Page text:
As your car ages, there is probably nothing more annoying than a sagging headliner. But a vehicle doesn’t necessarily have to be old for the ceiling fabric and foam to start to deteriorate. Faulty headliner installations are a problem with new vehicles as well as with older ones. In either case, the idea of headliner falling over your head while driving on the freeway is a scary thought.
When the headliner starts to fall down, temporary solutions (like twist-in pins) might seem appealing at first, but will cause damage the headliner board. When it comes time for a permanent repair, this damage will only make the job more difficult. You must completely replace the fabric of your headliner.
Hiring a professional to fix your vehicle’s headliner can be an expensive solution. If you have about two hours and some basic crafting skills, here's how you can replace your car's headliner:
How to replace a car headliner
Gather the correct materials - Fabric (make sure you have a bit more than you need), Hobby knife/X-acto knife, Panel popper tool (optional, but makes the job easier), Screwdriver(s), Sound-deadening foam/heat-blocker (optional), Spray adhesive, and a Wire brush.
Remove anything securing the headliner - Unscrew, unbolt, or unclip anything that gets in the way of removing the headliner board or holds the headliner board to the roof. This includes Sun visors, Rearview mirror, Clothes hangers, Side handles, Dome lights, Seat belt covers, and Speakers.
Take out the headliner - Once you’ve removed everything that holds the headliner board to the roof, make sure it is completely loose and take it out. Be very careful while maneuvering the headliner board so you don’t damage it.
Tip: The driver’s side and passenger’s side top corners can be tricky and brittle. Be extra cautious here. Recline the seats completely to give yourself more space to work. It might be easiest to take the headliner board out from the front passenger side door.
Examine soundproofing foam - While the roof is exposed, take time to look at the condition of the sound proofing foam to see whether or not it needs reinforcement or replacement.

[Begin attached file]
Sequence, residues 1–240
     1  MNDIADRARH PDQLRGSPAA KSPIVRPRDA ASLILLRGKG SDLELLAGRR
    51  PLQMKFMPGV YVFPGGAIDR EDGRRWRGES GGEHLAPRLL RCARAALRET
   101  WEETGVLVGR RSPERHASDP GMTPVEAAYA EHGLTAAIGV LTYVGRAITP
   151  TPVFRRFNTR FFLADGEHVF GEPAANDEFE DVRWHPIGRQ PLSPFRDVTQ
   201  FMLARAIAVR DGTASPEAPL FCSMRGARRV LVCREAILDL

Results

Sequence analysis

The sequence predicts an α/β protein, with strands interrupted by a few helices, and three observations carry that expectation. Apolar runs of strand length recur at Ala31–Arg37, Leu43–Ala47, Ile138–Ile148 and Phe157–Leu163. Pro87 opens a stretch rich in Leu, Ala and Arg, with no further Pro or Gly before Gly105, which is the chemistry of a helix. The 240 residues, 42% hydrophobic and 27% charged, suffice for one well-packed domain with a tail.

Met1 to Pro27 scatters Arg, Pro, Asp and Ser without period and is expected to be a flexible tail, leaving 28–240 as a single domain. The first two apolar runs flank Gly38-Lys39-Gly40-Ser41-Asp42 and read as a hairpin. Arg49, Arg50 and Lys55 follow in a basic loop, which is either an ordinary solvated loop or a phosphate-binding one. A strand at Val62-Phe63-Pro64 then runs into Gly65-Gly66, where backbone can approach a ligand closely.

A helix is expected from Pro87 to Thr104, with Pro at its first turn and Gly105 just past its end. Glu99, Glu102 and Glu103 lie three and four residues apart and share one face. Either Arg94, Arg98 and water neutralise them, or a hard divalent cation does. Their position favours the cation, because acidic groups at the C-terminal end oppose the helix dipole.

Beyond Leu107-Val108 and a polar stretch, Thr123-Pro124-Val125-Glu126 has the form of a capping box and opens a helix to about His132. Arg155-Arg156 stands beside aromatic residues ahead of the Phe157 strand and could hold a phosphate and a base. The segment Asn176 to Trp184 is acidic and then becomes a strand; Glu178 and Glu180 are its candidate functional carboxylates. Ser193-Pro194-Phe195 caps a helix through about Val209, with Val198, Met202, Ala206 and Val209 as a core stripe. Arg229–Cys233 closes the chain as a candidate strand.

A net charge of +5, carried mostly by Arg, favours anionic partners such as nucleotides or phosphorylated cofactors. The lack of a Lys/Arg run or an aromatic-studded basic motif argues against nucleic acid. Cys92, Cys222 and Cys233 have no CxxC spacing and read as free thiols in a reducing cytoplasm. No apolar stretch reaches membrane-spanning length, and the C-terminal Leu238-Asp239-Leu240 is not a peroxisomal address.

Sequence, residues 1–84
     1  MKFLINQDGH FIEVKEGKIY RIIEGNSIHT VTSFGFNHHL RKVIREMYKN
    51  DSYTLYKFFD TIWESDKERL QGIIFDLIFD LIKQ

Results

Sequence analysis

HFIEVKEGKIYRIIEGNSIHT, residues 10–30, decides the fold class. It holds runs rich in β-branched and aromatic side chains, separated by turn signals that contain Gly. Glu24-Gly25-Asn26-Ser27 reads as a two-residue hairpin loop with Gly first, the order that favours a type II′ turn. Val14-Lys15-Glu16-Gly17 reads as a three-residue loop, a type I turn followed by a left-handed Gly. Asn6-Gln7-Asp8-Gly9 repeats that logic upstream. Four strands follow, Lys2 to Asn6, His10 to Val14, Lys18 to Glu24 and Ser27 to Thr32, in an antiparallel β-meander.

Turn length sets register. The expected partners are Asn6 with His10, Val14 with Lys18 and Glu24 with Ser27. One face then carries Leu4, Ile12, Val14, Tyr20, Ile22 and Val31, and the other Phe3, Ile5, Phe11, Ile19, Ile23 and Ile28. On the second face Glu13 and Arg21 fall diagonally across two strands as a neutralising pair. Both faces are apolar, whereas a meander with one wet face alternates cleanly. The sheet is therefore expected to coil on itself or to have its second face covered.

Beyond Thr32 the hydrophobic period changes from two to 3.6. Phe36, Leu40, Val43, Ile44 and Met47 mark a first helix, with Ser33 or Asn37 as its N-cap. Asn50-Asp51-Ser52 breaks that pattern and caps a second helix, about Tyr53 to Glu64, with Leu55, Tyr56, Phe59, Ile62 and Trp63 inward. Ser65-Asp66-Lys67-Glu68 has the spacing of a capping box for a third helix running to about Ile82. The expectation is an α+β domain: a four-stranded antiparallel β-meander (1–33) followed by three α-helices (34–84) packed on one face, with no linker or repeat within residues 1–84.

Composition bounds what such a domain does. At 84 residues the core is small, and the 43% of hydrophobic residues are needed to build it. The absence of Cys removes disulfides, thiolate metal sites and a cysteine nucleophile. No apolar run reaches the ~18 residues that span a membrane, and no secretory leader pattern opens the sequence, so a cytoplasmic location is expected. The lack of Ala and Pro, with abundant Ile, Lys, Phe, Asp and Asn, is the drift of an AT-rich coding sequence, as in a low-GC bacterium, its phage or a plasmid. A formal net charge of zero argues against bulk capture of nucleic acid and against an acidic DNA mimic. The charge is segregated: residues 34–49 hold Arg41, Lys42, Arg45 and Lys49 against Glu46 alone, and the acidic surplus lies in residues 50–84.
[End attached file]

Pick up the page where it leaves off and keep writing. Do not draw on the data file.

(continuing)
Tip: Do you live in a hotter climate? Maybe you’d like to reinforce your soundproofing foam with heat-blocker, which will not only keep your car cooler, but will protect the headliner replacement job you’re working on now. It should be available at your local home improvement store.
Scrape off flaky styrofoam material - Now that you’ve removed the headboard, lay it on a flat work surface. You’ll notice that it has dried Styrofoam material that flakes off. Take a wire brush or lightweight sandpaper and scrape it all off. If any of the corners were torn, you can use industrial strength glue to fix it. Repeat more than once for optimum cleanliness.
Tip: Be gentle when scraping so you don’t damage the board.
Lay the new fabric over the board and cut it to size - Now that the headliner board is clean, take the fabric and lay it over the board to size it.
Tip: Make sure when you’re cutting it, you leave a little extra material around the sides. You can always take a little more off, but you can’t add it back.
Glue the fabric to the board - Lay the cut fabric over the headliner board in the position you want it glued. Fold half the fabric back to expose half the headliner board. Spray the board with adhesive and smooth the fabric over it, pulling it taut so there are no wrinkles. Also, be sure to follow the contour as best you can, working it with your palms and fingertips. Repeat for the other half.
Tip: Adhesive spray dries fast, so you need to work fast. Since there is little room for error, if half the board is too much, try doing it in quarters. If you mess up and need to peel it back, you might only be able to do this one time or you risk tearing the fabric.
Fix the edges and let the adhesive dry - Turn the headliner board over and fix the remaining material to the board.
Warning: If you damaged corners of the board in any way, this is your chance to return some of the integrity of the structure. Now, as per the instructions on the adhesive spray, let the adhesive dry.
Cut guide holes - Since the fabric is covering up all the holes you need to screw into, use the hobby knife to cut guide holes.
Tip: Don’t be tempted to cut completely around the holes. Not only could this take much longer, but you might leave a gaping area around the holes that the screws and bolts don’t cover.
Reinstall the headliner - Carefully fit the headliner board back into the vehicle and refit the accessories. Patience is key here.
Tip: It is helpful to have someone hold the headliner board while you do the refitting. You might want to start by refitting the dome light. From there you can move the headliner around until it fits in perfectly. Be sure not to snag the headliner fabric with the knife or the screws, to avoid tearing.
Taking care of your headliner can make a huge difference when it comes to maintaining the appearance of your car. If you take the time to replace or repair any damaged material on your headliner yourself, you can drastically improve the overall aesthetic of your vehicle’s interior and also save money in the process.
This article originally appeared on YourMechanic.com as How to Replace a Headliner and was authored by Brent Minderler.